Here, at the time he was placed in the back of the police cruiser, Leon was not wandering near the scene of a crime on foot, as were the suspects in Francis and Hodge, but instead was a passenger in a vehicle seized during a routine traffic stop. Additionally, the suspects in Francis and Hodge were placed into the back of a police cruiser and driven a short distance in order to establish identity. The detention in this case differs both in degree and purpose. The detention in Francis and Hodge were brief and served specific, articulated law enforcement purposes.3 Although the State characterizes the period of time that Leon spent in the back of the police car as being relatively short, we note that after Leon was put into the car but before he was asked any questions, officers questioned the female occupants, a female officer arrived to pat down the female occupants, a canine unit arrived about five minutes later, an officer did a drug sweep of the car with the canine, and the officer found and opened a purse containing a brick of cocaine. After that, an officer asked the female occupants about the purse and the cocaine before eventually turning his attention to Leon and asking questions. Under the strongest legitimate view of the evidence in Leon's favor, the detention was not a trivial one; he remained in the back of the police car for some time while officers investigated for drugs.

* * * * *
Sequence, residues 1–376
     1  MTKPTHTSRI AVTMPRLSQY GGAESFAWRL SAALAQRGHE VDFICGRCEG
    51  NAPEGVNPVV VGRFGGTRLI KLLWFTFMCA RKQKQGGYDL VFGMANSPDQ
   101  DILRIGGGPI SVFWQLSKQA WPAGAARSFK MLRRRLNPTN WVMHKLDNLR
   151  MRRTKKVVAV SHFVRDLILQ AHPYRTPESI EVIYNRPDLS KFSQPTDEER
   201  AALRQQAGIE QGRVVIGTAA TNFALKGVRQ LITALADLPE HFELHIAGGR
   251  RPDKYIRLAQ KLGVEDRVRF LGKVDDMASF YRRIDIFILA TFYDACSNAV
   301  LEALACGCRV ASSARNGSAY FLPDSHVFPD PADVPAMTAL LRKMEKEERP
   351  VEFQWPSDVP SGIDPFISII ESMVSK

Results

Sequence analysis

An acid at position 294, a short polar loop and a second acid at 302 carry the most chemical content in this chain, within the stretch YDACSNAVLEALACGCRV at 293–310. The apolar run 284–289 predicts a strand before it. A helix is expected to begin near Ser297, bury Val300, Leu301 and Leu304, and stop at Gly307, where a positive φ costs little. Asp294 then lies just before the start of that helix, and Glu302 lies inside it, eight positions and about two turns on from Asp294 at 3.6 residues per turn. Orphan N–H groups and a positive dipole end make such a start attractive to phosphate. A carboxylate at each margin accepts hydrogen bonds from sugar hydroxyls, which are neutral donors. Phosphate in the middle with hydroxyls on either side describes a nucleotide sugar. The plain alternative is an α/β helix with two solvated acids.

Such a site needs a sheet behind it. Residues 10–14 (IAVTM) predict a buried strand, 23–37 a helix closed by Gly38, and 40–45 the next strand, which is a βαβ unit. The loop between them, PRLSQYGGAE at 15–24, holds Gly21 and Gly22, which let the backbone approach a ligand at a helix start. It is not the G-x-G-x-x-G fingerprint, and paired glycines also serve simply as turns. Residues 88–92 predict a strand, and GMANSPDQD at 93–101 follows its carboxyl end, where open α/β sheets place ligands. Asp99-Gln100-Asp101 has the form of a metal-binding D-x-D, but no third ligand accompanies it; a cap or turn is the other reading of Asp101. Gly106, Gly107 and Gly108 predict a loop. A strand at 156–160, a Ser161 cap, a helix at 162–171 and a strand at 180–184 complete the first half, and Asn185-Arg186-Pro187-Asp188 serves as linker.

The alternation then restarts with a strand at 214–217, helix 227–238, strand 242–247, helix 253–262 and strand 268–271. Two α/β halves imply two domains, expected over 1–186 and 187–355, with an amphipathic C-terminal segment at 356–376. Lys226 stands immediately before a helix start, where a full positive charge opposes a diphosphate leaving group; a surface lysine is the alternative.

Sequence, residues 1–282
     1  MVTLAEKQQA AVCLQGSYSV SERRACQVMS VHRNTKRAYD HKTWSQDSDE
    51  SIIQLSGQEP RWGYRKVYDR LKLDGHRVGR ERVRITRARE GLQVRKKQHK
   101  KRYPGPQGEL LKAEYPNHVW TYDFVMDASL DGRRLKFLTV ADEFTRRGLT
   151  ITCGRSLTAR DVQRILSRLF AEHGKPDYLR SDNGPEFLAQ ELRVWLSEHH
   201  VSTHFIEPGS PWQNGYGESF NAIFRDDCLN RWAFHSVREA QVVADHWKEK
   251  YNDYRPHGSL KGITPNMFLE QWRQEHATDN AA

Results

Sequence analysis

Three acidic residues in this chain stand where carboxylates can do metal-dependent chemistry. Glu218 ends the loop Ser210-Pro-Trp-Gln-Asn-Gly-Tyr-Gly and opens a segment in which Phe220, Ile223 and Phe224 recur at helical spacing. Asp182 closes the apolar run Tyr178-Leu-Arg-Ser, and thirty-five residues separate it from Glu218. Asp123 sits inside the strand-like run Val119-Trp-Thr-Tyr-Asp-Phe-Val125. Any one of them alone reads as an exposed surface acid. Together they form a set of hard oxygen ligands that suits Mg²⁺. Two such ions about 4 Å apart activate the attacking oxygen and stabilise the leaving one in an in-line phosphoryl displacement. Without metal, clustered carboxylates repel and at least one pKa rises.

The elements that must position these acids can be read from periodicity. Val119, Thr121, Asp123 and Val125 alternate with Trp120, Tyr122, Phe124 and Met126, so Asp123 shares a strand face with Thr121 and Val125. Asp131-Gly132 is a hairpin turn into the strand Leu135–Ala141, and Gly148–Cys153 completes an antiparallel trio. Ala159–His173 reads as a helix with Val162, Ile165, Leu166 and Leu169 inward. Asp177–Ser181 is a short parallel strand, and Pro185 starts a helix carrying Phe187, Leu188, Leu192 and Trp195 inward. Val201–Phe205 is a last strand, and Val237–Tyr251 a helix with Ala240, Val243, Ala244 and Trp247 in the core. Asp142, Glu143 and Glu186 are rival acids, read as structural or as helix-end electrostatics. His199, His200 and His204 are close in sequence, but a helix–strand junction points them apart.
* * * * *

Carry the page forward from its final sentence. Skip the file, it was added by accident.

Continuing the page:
Further, and most importantly, the State does not argue that placing Leon in the back of the car was necessary to effectuate some investigatory or law enforcement purpose, nor can we independently discern any reason such as officer safety or flight risk that would justify the restraint, as the State never once asked why placing Leon in the cruiser was necessary. Absent such evidence, and given the procedural posture we are in and the standard of review we must apply in favor of Leon, we can only conclude that the physical restraint on Leon's freedom of movement by placing him in the back of the police car went beyond that associated with a mere investigatory detention. See Campbell, 325 S.W.3d at 236 (where officer never testified he handcuffed a public intoxication suspect in residential area for “officer safety purposes, to continue his investigation, or to maintain the status quo,” court of appeals found suspect was in custody and that his statements post-handcuffing should have been suppressed); accord State v. Saenz, No. 13-11-00328-CR, 2014 WL 3542092, at *5 (Tex.App.--Corpus Christi July 17, 2014, pet. ref'd)(mem. op., not designated for publication)(police restricted suspect's freedom to degree associated with formal arrest by placing him in back of locked police car for 12 to 18 minutes without an adequate investigatory justification). Leon was in custody, and his statements were the product of custodial interrogation.